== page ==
We often refer to our right to privacy, but in fact there is no right to privacy in the same sense as the right of free speech. The US constitution doesn’t say much about privacy, although the First, Fourth and Fifth amendments have been interpreted to include privacy rights. Our legal concept of privacy is often said to begin with the law review article of Warren and Brandeis, but they were in particular addressing the issue of privacy and the press. Drones are not new to us; they have been around for several years and used mostly in the military. Although they were not intended for private use, they start to draw a huge interest from the private parties in special the press. Since privacy laws are very broad in united states, the author suggest there is a need to create new privacy laws but the problem lies between what is considered private and public space.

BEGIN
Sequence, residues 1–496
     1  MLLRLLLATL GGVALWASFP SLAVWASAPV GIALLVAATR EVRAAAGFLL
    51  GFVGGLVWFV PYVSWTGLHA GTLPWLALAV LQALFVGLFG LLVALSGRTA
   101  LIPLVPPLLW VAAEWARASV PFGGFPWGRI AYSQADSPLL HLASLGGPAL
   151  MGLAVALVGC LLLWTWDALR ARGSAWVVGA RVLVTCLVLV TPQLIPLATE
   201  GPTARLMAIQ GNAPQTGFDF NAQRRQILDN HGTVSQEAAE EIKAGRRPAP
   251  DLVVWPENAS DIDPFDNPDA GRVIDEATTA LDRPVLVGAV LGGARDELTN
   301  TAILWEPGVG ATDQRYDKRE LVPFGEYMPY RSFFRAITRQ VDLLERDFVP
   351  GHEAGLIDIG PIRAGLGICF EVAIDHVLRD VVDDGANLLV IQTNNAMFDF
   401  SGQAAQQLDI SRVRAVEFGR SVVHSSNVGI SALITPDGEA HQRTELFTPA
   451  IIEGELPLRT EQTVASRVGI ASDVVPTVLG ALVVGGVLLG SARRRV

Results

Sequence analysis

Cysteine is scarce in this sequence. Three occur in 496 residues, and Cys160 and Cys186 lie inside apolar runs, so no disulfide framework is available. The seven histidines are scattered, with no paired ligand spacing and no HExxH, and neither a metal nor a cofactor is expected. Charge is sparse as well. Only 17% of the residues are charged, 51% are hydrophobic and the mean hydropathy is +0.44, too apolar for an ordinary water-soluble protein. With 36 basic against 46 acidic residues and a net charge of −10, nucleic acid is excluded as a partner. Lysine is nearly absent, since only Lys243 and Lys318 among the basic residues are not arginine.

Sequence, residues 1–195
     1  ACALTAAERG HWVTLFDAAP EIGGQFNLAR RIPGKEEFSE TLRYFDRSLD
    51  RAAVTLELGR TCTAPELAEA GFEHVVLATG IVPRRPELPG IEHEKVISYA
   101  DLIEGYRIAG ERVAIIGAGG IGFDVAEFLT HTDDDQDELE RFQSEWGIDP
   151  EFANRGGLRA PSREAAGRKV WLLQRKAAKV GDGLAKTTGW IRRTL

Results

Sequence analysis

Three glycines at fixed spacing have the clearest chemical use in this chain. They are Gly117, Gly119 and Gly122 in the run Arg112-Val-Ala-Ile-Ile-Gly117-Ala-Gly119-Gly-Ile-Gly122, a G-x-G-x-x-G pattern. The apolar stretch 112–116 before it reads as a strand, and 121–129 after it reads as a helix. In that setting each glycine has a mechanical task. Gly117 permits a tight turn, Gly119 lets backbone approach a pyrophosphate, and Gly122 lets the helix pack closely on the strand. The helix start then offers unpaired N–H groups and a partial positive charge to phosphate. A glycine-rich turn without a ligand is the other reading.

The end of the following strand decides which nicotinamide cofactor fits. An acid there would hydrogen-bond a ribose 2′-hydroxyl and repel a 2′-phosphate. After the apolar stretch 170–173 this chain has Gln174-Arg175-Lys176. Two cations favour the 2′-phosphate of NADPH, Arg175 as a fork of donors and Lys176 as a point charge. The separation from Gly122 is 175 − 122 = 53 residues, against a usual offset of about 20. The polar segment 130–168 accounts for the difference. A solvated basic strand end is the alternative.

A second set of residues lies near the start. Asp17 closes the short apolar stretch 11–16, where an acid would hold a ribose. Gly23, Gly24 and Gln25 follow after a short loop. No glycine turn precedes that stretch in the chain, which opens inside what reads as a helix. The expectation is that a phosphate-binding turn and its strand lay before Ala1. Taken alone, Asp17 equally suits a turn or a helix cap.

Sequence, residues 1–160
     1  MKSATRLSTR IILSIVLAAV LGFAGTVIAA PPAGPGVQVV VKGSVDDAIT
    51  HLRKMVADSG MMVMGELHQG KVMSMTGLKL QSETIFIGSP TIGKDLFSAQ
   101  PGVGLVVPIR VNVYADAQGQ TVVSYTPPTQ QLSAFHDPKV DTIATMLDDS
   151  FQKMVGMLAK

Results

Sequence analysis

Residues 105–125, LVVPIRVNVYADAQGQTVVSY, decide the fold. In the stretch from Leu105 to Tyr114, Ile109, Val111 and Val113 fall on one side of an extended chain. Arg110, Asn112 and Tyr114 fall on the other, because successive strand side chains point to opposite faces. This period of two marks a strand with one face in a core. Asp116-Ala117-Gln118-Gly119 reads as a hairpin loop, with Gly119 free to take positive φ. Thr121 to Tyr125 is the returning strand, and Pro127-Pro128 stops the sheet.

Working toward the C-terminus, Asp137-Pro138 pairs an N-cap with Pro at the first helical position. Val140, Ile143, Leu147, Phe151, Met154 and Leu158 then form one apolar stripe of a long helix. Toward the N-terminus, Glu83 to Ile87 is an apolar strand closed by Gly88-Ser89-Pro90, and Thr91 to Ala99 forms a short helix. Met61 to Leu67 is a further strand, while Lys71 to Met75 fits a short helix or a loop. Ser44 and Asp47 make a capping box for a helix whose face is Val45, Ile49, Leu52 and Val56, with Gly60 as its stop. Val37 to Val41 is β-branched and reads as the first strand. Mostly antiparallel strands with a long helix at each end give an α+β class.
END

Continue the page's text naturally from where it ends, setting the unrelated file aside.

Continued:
In the article “the right to privacy” by Warren and Brandeis, the author focuses on protecting the individuals and that everyone has a right to privacy. More specific, the article addressed intrusions on privacy through the unauthorized publication of private materials, especially photographs. They did admit that the right to privacy should not prohibit the publication of any matter that is truly of public or general interest. However, in their view, if the publication is of purely private information, neither the truthfulness of the matter published nor the absence of malice on the part of the publisher should be a defense. With the increasing number of companies working to develop smaller and cheaper drones it’s just a matter of time until there will be no privacy whatsoever. The first amendment still protects people from being searched without a court warrant, but since FAA considers drones as recreational RC aircrafts and allows them to fly up to 400ft, they won’t even be visible to the individuals being spied on. It’s hard to draw a conclusion where your neighbor flying that remote controlled...
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